A Commercial Driver’s License (CDL) opens many doors for interesting and lucrative careers. If you are currently trying to obtain a CDL license, you may wonder if a felony conviction will prevent you from getting your CDL. The quick answer is most felonies will not prevent you from obtaining your CDL. However, there are some exceptions. CDLs are issued by individual states, which have its own rules, procedures and standards for issuance of CDLs. Some states even have stricter standards than federal laws.
For the purpose of this article, a conviction means any determination of guilt, or finding an individual has violated or failed to comply with the below listed laws by a court of original jurisdiction, regardless of sentence order. In other words, if an individual is given a diversionary, supervisory, or a probationary sentence, it is counted as a conviction.
Certain Felonies May Disqualify You from Obtaining a CDL
The minimum requirements and qualifications for CDL holders have been standardized at the federal level since the Commercial Motor Vehicle Safety Act was passed in 1986. Since then, Congress passed the Motor Carrier Safety Improvement Act, which created the Federal Motor Carrier Safety Administration (FMCSA) in 1999. The FMCSA is a separate administration within the U.S. Department of Transportation and has the responsibility of promulgating regulations, including the standards and qualifications of CDL drivers. Under current FMSCA regulations, there are several offenses for which any conviction will result in a disqualification from obtaining a CDL. A list of these restrictions is found at 383.51.
In every state, a CDL applicant must certify they are not disqualified under 383.51. States are required to review an applicant’s driving and criminal history to ensure they are not subject to disqualification. There are several levels of disqualification set forth in the federal regulations and some only apply to current CDL drivers. For this article, we are focusing on first time CDL applicants with felony convictions. We also have other articles, which addressed as qualifications for current CDL holders.
A person applying for a CDL is disqualified if they have been convicted of a felony, which involves the use of a vehicle for one (1) year for a first offense and for life (with the possibility of reinstatement after 10 years) for a second offense. These disqualifications also apply if an individual refuse to be tested under the applicable state law.
Lifetime CDL Disqualification
There are two categories of felonies, which carry a lifetime CDL disqualification without possibility of reinstatement. Anyone with a felony conviction for using a vehicle for the manufacture, dispensing, or distribution of a controlled substance is disqualified from holding a CDL for life, with no possibility of reinstatement. Second, any conviction for a felony, which involves the use of a commercial motor vehicle in the commission of a felony involving human trafficking.
Many CDL drivers want to obtain a Hazardous Materials Endorsement (HAZMAT) to enhance their potential employment. The list for disqualifying felonies is much more extensive for this endorsement. A CDL driver will be disqualified from holding a HAZMAT if they were convicted or found not guilty by reason of insanity, within the last seven (7) years or was released from prison within the last five (5) years for any of the following crimes, provided the crimes were considered felonies in the appropriate jurisdiction:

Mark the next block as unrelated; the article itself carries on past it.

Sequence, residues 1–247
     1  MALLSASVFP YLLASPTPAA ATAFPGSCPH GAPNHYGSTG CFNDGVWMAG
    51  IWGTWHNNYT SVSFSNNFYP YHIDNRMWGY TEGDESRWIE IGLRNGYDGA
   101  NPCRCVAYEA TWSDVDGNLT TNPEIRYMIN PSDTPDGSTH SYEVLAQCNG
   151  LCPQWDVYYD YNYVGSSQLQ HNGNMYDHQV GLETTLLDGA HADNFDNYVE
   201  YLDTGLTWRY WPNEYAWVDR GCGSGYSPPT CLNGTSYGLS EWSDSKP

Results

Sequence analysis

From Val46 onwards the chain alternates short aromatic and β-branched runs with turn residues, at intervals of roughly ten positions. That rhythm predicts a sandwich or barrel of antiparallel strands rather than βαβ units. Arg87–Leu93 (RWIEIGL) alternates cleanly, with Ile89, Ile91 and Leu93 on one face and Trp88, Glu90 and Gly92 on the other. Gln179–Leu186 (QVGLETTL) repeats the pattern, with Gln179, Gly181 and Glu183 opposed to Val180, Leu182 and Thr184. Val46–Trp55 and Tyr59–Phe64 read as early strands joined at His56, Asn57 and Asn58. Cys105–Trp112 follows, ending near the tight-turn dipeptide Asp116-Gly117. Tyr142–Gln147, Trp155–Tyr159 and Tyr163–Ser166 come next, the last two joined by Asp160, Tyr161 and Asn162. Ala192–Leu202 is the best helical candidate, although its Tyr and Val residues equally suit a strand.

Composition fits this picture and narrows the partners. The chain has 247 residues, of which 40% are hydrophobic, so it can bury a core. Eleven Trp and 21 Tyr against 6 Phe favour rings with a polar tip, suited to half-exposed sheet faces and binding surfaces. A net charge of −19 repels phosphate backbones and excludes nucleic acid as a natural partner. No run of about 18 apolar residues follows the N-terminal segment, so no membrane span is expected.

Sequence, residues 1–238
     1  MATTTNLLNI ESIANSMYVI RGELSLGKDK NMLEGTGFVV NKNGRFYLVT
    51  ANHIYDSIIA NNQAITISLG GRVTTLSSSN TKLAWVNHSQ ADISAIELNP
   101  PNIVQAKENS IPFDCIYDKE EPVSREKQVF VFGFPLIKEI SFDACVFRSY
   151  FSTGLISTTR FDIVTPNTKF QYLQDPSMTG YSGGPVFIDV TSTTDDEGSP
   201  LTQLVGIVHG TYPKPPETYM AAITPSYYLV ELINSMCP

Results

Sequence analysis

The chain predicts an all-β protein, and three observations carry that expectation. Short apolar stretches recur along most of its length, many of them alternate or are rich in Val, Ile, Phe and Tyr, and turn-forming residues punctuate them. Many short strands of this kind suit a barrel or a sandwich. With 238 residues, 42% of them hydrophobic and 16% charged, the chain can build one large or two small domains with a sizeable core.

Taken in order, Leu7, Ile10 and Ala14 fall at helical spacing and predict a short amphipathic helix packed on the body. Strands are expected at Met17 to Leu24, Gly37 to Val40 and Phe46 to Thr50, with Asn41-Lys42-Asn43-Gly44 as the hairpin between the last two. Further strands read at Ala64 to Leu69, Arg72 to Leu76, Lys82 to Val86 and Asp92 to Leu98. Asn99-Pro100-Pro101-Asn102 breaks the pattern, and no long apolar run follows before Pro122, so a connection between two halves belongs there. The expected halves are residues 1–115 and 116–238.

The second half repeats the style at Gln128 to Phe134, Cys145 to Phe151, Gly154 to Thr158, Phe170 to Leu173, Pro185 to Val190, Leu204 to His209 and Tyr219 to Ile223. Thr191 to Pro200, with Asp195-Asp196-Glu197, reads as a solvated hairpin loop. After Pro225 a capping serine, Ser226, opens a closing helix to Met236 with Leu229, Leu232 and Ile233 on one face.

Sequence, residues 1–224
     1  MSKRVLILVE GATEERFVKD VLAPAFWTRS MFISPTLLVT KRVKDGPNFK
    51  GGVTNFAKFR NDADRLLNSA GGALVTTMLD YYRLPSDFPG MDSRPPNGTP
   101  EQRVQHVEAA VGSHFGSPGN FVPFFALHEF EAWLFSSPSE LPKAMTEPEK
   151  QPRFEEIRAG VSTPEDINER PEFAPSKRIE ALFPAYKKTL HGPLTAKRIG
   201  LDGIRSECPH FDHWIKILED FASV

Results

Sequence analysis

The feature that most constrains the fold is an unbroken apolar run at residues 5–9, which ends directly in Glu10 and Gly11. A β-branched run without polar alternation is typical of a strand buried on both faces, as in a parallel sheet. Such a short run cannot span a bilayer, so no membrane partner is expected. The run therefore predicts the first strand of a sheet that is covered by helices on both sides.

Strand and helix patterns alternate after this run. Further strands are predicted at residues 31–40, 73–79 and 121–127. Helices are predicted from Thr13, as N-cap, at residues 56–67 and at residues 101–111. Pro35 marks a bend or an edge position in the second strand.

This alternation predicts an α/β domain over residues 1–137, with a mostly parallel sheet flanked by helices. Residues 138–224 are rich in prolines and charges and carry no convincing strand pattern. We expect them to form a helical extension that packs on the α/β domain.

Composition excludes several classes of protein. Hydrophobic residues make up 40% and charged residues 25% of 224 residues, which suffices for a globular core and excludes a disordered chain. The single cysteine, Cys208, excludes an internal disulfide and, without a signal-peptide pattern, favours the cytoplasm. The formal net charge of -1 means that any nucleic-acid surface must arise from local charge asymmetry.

- Assault with intent to murder
- Kidnapping or hostage taking
- Rape or aggravated sexual abuse
- Unlawful possession, use, sale, manufacture, purchase, distribution, receipt, transfer, shipping, transporting, delivery, import, export, or dealing in a firearm or other weapon
- Dishonesty, fraud, or misrepresentation, including identity fraud
- Immigration violations
- Violations of RICO (Racketeer Influenced and Corrupt Organizations) Act or a comparable state law of an Interim Disqualifying crime
- Distributions of, possession with intent to distribute, or importation of a controlled substance (State laws vary on the quantity of marijuana required for the offense to be considered a felony. Typically, however, to be convicted of felony marijuana possession, a person must possess a quantity of marijuana greater than an amount considered for personal use)
- Conspiracy or attempt to commit any of these crimes
A CDL driver who has ever been convicted or found not guilty by reason of insanity of any of the following crimes will be permanently disqualified from ever holding a HAZMAT:
- Any crime listed in 18 U.S.C. Chapter 113B; Terrorism or a comparable state law
- A crime involving a severe transportation security incident (i.e, security incident involving a significant loss of life, environmental damage, transportation system disruption, or economic disruption in a particular area)
- Improper transportation of a hazardous material under 49 U.S.C. 5124 or a comparable state law (minor infractions involving transportation of hazardous materials will not disqualify a driver. For instance, no driver will be disqualified for minor roadside infractions or placarding violations)
- Unlawful possession, use, sale, distribution, manufacture, purchase, receipt, transfer, shipping, transporting, import, export, storage of, or dealing in an explosive or explosive device
- Murder as defined in 18 U.S.C. 1111
- Conspiracy or attempt to commit any of these crimes
- Violations of RICO (Racketeer Influence and Corrupt Organizations) Act or a comparable state law of one of these Permanently Disqualifying crimes
Discuss your felony circumstances with an Illinois traffic attorney from Driver Defense Team. If you’ve been charged with a felony and want to discuss your CDL options, you can schedule a consultation to review your situation. Call us at 312-940-8330 to set up an appointment.